Afrikaans has a similar phonology to other West Germanic languages, especially Dutch.
Albanian (shqip, or gjuha shqipe) is a language of the Indo-European family, in which it occupies an independent branch.
In chemistry, an alcohol is any organic compound in which the hydroxyl functional group (–OH) is bound to a carbon.
In phonology, an allophone (from the ἄλλος, állos, "other" and φωνή, phōnē, "voice, sound") is one of a set of multiple possible spoken sounds, or phones, or signs used to pronounce a single phoneme in a particular language.
Alveolar consonants are articulated with the tongue against or close to the superior alveolar ridge, which is called that because it contains the alveoli (the sockets) of the superior teeth.
The alveolar ridge (also known as the alveolar margin) is one of the two jaw ridges either on the roof of the mouth between the upper teeth and the hard palate or on the bottom of the mouth behind the lower teeth.
An apical consonant is a phone (speech sound) produced by obstructing the air passage with the tip of the tongue.
Approximants are speech sounds that involve the articulators approaching each other but not narrowly enough nor with enough articulatory precision to create turbulent airflow.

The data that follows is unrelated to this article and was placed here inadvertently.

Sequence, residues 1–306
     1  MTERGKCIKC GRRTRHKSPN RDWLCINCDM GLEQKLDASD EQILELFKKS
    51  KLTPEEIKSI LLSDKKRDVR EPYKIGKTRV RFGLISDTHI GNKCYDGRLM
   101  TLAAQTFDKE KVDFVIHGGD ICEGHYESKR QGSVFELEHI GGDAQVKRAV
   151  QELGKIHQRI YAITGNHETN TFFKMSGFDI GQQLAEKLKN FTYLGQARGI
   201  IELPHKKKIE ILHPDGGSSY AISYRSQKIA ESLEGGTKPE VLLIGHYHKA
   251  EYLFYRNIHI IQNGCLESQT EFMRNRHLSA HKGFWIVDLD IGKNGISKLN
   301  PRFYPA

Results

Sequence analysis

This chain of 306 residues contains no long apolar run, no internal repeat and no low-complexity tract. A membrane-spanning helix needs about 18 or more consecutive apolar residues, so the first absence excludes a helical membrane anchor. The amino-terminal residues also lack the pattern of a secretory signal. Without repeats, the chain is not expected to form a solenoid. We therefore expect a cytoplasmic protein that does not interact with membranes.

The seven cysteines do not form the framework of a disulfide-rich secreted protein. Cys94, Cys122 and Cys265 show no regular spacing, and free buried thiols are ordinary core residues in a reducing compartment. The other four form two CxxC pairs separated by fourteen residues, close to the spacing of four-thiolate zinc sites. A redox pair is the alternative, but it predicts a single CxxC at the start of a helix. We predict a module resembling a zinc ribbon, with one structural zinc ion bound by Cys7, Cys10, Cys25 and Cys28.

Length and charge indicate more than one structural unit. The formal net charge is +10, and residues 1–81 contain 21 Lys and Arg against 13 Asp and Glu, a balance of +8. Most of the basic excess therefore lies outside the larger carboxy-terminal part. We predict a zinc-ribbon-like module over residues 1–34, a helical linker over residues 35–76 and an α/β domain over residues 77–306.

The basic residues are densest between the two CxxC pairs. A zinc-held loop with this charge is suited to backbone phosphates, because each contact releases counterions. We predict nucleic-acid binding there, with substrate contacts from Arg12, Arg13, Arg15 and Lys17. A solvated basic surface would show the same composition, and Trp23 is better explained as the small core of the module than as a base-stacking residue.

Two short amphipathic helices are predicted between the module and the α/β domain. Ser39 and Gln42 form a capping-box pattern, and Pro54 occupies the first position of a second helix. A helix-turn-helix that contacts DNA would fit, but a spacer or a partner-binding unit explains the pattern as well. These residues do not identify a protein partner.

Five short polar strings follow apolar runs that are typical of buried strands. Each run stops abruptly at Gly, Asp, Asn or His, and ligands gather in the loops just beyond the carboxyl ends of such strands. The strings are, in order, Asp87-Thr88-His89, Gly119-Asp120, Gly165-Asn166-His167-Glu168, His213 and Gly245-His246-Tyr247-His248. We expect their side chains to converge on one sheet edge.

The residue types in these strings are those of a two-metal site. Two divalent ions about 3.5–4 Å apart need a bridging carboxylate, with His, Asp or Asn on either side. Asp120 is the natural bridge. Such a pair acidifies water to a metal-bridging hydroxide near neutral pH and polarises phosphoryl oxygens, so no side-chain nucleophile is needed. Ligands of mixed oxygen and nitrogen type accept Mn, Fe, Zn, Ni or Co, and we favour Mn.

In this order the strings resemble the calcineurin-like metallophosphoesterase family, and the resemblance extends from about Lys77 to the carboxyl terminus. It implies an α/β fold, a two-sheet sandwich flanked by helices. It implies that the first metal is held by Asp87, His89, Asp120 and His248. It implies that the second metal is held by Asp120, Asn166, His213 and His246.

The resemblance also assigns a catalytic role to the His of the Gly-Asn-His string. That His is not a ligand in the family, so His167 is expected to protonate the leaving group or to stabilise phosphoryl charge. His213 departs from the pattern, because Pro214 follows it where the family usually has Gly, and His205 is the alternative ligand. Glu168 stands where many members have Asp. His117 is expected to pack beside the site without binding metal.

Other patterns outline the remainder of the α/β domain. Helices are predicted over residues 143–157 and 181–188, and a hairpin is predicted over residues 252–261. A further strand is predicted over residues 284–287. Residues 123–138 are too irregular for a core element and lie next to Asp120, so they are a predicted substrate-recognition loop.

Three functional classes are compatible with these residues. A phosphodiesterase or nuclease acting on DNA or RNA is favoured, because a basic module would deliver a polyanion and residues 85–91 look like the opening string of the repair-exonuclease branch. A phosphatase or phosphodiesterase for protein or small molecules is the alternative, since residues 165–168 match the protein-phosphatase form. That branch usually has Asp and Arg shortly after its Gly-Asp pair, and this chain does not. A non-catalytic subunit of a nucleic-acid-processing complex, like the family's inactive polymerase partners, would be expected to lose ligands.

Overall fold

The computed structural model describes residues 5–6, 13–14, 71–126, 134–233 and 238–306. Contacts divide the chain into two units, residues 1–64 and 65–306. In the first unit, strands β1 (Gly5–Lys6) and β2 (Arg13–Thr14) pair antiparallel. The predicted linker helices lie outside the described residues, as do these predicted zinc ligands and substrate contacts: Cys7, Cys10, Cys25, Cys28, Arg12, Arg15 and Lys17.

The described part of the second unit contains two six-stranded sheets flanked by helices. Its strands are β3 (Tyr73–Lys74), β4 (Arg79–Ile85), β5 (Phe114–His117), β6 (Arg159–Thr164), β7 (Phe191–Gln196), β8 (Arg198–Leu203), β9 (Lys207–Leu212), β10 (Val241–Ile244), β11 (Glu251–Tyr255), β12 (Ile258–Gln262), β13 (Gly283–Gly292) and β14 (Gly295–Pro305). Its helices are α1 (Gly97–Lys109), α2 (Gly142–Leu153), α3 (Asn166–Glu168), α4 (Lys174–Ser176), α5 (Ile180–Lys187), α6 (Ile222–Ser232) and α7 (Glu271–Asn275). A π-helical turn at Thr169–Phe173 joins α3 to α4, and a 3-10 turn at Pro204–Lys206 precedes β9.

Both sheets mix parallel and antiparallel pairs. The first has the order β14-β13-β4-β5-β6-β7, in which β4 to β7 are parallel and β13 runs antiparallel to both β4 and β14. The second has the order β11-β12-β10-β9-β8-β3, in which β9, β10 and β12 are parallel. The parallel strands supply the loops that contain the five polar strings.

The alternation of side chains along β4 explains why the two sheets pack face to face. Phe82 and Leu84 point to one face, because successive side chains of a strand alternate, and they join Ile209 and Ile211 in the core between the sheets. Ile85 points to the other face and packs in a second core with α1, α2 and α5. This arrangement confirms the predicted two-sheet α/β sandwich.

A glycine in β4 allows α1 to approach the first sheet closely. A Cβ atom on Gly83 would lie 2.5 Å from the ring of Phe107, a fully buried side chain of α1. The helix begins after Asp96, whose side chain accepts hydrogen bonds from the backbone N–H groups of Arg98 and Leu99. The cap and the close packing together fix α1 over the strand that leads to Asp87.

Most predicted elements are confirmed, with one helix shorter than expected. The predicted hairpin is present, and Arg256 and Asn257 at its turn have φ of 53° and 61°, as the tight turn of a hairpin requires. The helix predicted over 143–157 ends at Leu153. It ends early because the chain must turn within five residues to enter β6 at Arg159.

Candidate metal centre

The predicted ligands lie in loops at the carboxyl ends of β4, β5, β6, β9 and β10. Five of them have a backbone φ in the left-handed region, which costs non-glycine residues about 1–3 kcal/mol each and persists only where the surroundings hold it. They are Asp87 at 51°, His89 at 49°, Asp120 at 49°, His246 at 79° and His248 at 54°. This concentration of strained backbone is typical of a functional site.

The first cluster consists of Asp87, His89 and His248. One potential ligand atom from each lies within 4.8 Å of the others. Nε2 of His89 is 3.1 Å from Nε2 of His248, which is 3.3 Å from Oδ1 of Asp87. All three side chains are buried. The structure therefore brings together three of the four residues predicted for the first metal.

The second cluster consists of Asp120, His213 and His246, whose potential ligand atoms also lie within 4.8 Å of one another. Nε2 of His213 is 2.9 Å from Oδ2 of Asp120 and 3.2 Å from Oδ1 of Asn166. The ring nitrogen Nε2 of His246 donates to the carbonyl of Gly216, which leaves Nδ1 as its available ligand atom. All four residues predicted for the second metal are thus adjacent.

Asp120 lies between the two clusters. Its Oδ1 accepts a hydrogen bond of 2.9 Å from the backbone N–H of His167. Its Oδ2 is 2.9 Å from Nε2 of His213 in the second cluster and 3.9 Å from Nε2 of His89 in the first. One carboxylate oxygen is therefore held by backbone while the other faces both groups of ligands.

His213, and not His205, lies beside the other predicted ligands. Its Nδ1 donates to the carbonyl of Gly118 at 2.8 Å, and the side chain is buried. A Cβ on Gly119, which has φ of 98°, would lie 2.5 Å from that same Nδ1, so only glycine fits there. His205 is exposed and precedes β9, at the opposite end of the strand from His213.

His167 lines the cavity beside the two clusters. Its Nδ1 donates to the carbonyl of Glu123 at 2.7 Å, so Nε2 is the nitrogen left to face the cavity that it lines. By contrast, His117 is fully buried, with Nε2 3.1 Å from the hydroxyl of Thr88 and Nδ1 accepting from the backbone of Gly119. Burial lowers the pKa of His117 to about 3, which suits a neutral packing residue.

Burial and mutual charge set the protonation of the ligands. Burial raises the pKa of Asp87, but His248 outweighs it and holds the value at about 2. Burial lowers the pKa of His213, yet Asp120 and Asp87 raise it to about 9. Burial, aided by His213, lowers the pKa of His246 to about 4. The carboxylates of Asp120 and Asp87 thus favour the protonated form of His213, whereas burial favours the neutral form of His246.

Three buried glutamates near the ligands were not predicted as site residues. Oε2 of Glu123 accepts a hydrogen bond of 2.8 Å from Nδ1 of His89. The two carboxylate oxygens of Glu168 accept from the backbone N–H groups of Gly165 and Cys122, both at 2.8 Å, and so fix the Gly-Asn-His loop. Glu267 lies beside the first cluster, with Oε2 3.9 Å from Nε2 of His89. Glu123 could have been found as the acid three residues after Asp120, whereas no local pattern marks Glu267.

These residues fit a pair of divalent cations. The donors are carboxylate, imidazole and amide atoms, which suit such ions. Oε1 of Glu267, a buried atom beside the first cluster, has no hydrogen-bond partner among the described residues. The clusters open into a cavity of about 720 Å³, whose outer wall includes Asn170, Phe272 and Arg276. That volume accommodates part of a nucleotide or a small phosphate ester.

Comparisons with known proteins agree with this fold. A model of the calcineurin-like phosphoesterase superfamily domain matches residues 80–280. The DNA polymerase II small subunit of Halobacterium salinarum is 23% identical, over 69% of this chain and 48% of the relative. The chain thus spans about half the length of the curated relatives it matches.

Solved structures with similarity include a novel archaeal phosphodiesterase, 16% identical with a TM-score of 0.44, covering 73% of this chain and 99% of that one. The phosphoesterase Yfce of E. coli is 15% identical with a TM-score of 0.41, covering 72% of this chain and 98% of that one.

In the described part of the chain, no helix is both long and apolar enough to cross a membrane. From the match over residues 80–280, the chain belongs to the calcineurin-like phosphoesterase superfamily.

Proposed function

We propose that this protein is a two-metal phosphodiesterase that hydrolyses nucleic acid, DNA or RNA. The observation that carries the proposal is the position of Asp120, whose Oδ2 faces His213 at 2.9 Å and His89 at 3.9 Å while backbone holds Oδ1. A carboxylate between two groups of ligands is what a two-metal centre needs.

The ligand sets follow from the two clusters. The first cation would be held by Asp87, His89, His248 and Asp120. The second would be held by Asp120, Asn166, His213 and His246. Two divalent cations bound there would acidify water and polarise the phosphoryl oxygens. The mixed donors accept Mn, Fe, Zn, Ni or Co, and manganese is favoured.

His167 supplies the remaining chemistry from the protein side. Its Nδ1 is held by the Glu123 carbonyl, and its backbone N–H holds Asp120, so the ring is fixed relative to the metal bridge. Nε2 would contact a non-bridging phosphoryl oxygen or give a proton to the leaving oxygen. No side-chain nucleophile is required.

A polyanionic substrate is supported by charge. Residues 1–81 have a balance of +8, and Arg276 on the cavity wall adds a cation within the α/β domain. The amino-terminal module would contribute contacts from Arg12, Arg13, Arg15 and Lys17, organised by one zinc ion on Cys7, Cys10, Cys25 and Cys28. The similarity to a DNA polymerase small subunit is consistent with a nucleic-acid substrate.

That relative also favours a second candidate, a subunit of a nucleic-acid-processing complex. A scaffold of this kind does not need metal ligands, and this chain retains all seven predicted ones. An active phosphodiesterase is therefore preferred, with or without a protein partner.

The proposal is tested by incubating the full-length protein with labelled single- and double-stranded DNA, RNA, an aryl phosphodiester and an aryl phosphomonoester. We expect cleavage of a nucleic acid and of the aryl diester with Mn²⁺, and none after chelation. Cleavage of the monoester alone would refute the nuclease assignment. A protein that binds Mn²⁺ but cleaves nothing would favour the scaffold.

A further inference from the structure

Arabic (العَرَبِيَّة) or (عَرَبِيّ) or) is a Central Semitic language that first emerged in Iron Age northwestern Arabia and is now the lingua franca of the Arab world. It is named after the Arabs, a term initially used to describe peoples living from Mesopotamia in the east to the Anti-Lebanon mountains in the west, in northwestern Arabia, and in the Sinai peninsula. Arabic is classified as a macrolanguage comprising 30 modern varieties, including its standard form, Modern Standard Arabic, which is derived from Classical Arabic. As the modern written language, Modern Standard Arabic is widely taught in schools and universities, and is used to varying degrees in workplaces, government, and the media. The two formal varieties are grouped together as Literary Arabic (fuṣḥā), which is the official language of 26 states and the liturgical language of Islam. Modern Standard Arabic largely follows the grammatical standards of Classical Arabic and uses much of the same vocabulary. However, it has discarded some grammatical constructions and vocabulary that no longer have any counterpart in the spoken varieties, and has adopted certain new constructions and vocabulary from the spoken varieties. Much of the new vocabulary is used to denote concepts that have arisen in the post-classical era, especially in modern times. During the Middle Ages, Literary Arabic was a major vehicle of culture in Europe, especially in science, mathematics and philosophy. As a result, many European languages have also borrowed many words from it. Arabic influence, mainly in vocabulary, is seen in European languages, mainly Spanish and to a lesser extent Portuguese, Valencian and Catalan, owing to both the proximity of Christian European and Muslim Arab civilizations and 800 years of Arabic culture and language in the Iberian Peninsula, referred to in Arabic as al-Andalus. Sicilian has about 500 Arabic words as result of Sicily being progressively conquered by Arabs from North Africa, from the mid 9th to mid 10th centuries. Many of these words relate to agriculture and related activities (Hull and Ruffino). Balkan languages, including Greek and Bulgarian, have also acquired a significant number of Arabic words through contact with Ottoman Turkish. Arabic has influenced many languages around the globe throughout its history. Some of the most influenced languages are Persian, Turkish, Spanish, Urdu, Kashmiri, Kurdish, Bosnian, Kazakh, Bengali, Hindi, Malay, Maldivian, Indonesian, Pashto, Punjabi, Tagalog, Sindhi, and Hausa, and some languages in parts of Africa. Conversely, Arabic has borrowed words from other languages, including Greek and Persian in medieval times, and contemporary European languages such as English and French in modern times. Classical Arabic is the liturgical language of 1.8 billion Muslims and Modern Standard Arabic is one of six official languages of the United Nations. All varieties of Arabic combined are spoken by perhaps as many as 422 million speakers (native and non-native) in the Arab world, making it the fifth most spoken language in the world. Arabic is written with the Arabic alphabet, which is an abjad script and is written from right to left, although the spoken varieties are sometimes written in ASCII Latin from left to right with no standardized orthography.